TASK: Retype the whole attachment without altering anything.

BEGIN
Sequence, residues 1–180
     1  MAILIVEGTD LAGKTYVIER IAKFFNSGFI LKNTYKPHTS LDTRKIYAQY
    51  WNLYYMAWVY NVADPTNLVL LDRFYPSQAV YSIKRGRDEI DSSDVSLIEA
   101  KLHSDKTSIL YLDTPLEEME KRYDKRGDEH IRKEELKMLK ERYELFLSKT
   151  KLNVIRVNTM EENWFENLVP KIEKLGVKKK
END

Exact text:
Sequence, residues 1–180
     1  MAILIVEGTD LAGKTYVIER IAKFFNSGFI LKNTYKPHTS LDTRKIYAQY
    51  WNLYYMAWVY NVADPTNLVL LDRFYPSQAV YSIKRGRDEI DSSDVSLIEA
   101  KLHSDKTSIL YLDTPLEEME KRYDKRGDEH IRKEELKMLK ERYELFLSKT
   151  KLNVIRVNTM EENWFENLVP KIEKLGVKKK